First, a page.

MP, Mizoram witness 75 per cent polling

MP, Mizoram witness 75 per cent polling
Elderly voters showing marks of indelible ink after casting their votes, at a polling booth, at Govt. Primary School-I Tanhril, in Aizawl, during the Mizoram Assembly Election, on November 28. (PIB Photo)

 

 

Bhopal/Aizawl, November 28 (IANS): Over 75 per cent of voters in Madhya Pradesh and Mizoram voted on Wednesday in the Assembly elections in the two states where incumbent governments are seeking a straight fourth and third terms in office respectively.

 

Around 75 per cent polling was recorded till 6 p.m. in Madhya Pradesh’s 227 assembly constituencies against 72.13 per cent recorded in 2013 assembly polls, Election Commission officials said in New Delhi.

 

In the state’s remaining three Maoist-affected constituencies of Balaghat district’s Baihar, Lanji and Paraswada, polling was recorded at 78 per cent, 79.07 per cent and 80.06 per cent respectively. The polling in these three constituencies began at 7 a.m. and finished at 3 p.m.

 

Mizoram witnessed 75 per cent polling by 5 p.m. at the close of polling. However, the officials said that the polling percentage would go up as in many constituencies the communication facilities were not there, thus they had not received the actual figures.

 

“Once we get the actual figures from those constituencies, the percentage of polling would go up,” the official said.

 

In 2013, Mizoram witnessed 83.41 per cent polling and 82.35 per cent voter turnout in 2008.

 

Electronic Voting Machines (EVMs) were used in Mizoram after 2003. The official said the highlight of the day in Mizoram was that over 10,000 elederly voters exrcised their franchise with a 108-year old man, 106-year old woman on wheel chair and 103-year-old man coming out to vote.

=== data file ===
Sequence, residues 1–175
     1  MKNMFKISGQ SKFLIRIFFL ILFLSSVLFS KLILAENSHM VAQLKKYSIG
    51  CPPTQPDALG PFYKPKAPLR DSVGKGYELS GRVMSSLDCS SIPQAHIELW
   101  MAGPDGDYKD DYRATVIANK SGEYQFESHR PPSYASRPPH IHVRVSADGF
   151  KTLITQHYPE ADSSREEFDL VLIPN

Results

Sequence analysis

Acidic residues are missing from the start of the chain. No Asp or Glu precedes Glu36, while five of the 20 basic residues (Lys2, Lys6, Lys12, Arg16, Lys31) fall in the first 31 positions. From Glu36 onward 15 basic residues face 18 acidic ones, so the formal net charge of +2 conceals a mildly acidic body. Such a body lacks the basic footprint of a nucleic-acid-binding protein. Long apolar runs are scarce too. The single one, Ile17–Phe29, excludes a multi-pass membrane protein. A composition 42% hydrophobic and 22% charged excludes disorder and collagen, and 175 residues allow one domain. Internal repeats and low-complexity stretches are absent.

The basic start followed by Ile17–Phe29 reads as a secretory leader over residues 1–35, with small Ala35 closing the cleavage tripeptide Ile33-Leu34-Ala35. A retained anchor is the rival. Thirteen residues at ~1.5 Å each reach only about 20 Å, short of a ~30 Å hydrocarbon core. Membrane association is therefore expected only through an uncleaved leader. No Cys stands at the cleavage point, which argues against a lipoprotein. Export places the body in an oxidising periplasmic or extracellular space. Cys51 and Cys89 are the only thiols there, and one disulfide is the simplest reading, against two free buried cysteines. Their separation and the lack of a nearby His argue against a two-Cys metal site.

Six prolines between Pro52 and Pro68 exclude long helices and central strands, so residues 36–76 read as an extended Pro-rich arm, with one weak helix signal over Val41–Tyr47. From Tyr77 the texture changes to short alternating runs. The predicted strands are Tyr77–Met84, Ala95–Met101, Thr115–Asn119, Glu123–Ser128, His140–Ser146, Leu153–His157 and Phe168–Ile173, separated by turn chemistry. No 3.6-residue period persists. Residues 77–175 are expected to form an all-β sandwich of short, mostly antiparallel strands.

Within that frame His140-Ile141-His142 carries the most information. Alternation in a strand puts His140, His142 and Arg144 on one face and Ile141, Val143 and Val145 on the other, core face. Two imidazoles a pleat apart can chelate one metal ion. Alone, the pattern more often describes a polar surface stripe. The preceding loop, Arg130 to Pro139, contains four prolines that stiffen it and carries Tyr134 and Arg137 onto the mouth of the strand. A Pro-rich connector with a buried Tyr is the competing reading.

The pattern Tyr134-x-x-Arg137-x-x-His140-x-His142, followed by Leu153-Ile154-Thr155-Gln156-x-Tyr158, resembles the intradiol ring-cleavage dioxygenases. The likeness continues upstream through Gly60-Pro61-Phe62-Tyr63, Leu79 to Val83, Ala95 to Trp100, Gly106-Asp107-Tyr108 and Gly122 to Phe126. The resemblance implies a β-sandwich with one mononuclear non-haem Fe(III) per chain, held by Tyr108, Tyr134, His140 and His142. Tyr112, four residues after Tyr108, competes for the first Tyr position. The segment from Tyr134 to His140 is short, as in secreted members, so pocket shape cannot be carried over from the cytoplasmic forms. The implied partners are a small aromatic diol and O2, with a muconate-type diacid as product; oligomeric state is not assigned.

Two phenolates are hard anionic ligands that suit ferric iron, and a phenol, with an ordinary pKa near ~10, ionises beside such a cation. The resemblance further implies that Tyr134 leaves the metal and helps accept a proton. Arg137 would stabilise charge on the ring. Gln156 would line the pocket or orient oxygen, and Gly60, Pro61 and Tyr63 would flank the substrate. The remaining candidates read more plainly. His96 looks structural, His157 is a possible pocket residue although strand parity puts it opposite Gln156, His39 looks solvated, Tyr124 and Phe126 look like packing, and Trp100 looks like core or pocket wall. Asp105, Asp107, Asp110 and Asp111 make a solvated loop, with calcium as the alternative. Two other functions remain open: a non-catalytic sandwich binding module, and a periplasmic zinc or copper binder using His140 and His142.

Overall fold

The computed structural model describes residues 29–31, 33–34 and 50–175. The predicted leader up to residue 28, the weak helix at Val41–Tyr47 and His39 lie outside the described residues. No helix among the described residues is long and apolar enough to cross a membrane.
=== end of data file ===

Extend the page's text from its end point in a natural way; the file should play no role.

In the case of Madhya Pradesh, violence was reported in a few places in Bhind district.

 

Two persons were arrested in a firing incident near an election booth in Bhind, police said.

 

Several Electronic Voting Machines (EVMs) malfunctioned, which were replaced by the poll panel officials. The Election Commission also announced that Rs 10 lakh each would be paid to its officials who died during the voting exercise.

 

The highlight of the day in Madhya Pradesh was the voting by a 101-year-old woman, who exercised her franchise in Agar Malwa district.

 

In the central Indian state, the contest is mainly between the Bharatiya Janata Party and the Congress, though the Bahujan Samaj Party (BSP) and the Samajwadi Party (SP) are also in the fray.

 

There are a total of 2,907 candidates. The BJP has fielded candidates for all the seats, while the Congress is contesting for 229 seats leaving one in Jatara in Tikamgarh district, for Sharad Yadav-led Loktantrik Janata Dal (LJD).

 

The BSP has fielded 227 candidates and the Samajwadi Party is contesting for 51 seats. There are 1,102 Independent candidates.

 

In the last elections, the BJP won 165, Congress 58, BSP four and Independents three.

 

There are 2,63,01,300 male electorates, 2,41,30,390 women and 1,389 of the third gender.

 

In Mizoram, the last bastion of the Congress in the North-East, the party is striving for a third successive term against a stiff challenge from the Mizo National Front (MNF) headed by former Chief Minister Zoramthanga.

 

The fight is largely between the Congress and the Mizo National Front though the Bharatiya Janata Party (BJP) is also seeking to make its presence felt.

 

The Congress has fielded 40 candidates while the BJP and MNF are contesting in 39 and 40 constituencies, respectively.

 

Around 7.7 lakh voters will decide the fate of 209 candidates.